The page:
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This calculation method can produce more accurate estimation. Using the more accurate estimation will lead to a more accurate final result.

Although I know that there is a special sentence structure "the more/er... the more/er", I am not sure that it is possible to add "the" to "more" in normal sentences such as the above sentence I created.

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You must note that the definite article is not used together with "more", but together with "estimation. "More" (in both sentences) is used together with "accurate" for creating the comparative.

Also, it is important to note that the sentence requires an article, either definite (the) or indefinite (a).

Using a more accurate estimation will lead to a more accurate final result.

NOTE: the first sentence is missing an indefinite article:

This calculation method can produce a more accurate estimation.


Although not mandatory, the two sentences can be merged into a single one (considering that they share a big amount of words):

This calculation method can produce a more accurate estimation, which in turn will lead to a more accurate final result.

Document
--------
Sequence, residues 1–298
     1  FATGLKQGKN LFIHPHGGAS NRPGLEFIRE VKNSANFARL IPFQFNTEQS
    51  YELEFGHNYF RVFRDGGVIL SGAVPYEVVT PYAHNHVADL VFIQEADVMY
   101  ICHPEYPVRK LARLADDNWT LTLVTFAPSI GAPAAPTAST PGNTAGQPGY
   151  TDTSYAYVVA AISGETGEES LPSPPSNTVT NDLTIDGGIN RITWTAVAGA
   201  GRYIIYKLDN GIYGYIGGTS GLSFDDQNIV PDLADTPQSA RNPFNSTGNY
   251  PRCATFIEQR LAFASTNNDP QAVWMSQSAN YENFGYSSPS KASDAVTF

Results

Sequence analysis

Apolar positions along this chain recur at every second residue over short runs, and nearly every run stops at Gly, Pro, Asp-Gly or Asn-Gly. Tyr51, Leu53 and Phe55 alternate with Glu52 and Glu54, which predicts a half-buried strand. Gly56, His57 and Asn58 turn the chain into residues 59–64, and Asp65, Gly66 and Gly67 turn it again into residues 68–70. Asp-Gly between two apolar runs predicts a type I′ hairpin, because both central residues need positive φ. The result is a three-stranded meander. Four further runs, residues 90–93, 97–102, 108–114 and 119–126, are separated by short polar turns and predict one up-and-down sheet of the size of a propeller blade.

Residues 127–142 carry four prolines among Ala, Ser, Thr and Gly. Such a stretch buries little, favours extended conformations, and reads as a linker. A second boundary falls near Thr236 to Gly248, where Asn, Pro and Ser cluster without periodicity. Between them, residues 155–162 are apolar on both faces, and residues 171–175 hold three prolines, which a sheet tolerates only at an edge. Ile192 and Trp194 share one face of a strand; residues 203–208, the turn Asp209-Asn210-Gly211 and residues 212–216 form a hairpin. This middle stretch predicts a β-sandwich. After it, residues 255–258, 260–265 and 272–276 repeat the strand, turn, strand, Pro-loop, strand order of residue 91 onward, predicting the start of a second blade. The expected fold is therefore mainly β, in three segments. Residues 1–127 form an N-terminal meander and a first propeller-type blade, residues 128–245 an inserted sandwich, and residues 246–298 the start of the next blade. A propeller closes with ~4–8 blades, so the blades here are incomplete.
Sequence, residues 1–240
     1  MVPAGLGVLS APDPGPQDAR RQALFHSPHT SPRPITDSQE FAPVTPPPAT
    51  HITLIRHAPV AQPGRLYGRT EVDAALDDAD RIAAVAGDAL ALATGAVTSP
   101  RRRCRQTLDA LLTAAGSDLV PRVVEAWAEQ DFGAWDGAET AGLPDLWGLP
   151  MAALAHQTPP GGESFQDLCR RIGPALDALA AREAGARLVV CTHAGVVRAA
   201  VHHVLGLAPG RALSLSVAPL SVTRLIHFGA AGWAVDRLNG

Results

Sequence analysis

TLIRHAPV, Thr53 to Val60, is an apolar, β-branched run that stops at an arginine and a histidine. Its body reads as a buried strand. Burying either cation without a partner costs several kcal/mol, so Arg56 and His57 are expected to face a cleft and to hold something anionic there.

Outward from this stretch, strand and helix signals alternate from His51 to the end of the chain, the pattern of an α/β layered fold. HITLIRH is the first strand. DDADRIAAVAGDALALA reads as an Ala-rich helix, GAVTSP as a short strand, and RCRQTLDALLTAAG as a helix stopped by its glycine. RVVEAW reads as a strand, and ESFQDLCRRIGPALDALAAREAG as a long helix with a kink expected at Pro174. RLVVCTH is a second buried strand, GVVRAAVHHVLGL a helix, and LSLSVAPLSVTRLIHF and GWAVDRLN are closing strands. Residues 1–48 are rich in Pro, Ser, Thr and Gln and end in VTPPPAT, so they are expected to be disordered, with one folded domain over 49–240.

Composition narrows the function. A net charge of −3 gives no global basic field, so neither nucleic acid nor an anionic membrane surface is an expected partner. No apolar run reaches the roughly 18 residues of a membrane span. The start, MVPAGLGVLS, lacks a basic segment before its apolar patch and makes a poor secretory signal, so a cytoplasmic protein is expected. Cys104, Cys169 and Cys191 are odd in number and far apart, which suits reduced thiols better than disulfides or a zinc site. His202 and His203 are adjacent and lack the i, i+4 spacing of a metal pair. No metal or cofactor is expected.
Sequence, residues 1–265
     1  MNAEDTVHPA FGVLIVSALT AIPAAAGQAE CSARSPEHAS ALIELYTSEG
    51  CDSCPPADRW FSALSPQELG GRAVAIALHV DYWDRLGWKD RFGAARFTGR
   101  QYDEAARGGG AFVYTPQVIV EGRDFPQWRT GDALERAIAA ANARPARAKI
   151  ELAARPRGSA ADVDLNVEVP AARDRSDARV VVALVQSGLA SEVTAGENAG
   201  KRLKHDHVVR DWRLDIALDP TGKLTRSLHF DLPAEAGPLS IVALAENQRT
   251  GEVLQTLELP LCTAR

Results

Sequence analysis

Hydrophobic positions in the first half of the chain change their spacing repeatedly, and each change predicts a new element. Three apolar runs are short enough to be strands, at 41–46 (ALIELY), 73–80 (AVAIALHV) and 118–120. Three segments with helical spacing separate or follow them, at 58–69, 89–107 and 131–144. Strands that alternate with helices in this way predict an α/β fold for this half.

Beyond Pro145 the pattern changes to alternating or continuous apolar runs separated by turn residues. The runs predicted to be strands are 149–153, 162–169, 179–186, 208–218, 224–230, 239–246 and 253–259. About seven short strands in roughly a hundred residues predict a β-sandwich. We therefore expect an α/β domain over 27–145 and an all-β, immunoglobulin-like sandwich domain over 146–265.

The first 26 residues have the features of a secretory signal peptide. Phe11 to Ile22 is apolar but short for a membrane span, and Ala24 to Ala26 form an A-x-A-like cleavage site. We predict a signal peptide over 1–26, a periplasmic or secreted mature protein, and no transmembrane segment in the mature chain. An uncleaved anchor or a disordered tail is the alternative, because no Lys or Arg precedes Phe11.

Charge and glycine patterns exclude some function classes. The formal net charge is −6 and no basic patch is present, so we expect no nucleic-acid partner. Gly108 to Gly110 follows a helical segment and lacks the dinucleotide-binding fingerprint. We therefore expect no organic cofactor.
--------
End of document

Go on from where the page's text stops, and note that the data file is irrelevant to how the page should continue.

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The definite article "the" is used when the reader should know which instance of that object you are talking about. In your example, the object is an estimation --- specifically, the "more accurate estimation" described in the previous sentence. In this case, "the more" only works in the second sentence because the object is introduced in the first sentence.

"The" is not added only to "more" in your example. It's added to the whole noun phrase: "the more accurate estimation".

Here's a similar sentence that avoids the word "more" completely but uses "the":

This calculation method produces accurate results. The results it produces can be used in variety of applications

In this case, it's "the results," which is equivalent to "the more accurate estimation" in your example


"The" can also be used when something is countable or measurable (that reference has good examples of when a certain noun is countable or not).

"More" can mean "an amount larger than expected" or "an amount larger than before" (see the definition in Macmillan dictionary), so while it may not refer to a specific number, it can refer to something measurable.

The more I talk to you, the more I like you!

She didn't know what to do on a plane her first time, but the more she traveled, the more she learned

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    I agree with this analysis. Although I would add that in the original second sentence, it would be more idiomatic to say using this more accurate estimation will lead to a more accurate final result, replacing the article with a pronoun. – Jason Bassford Apr 15 '19 at 7:01

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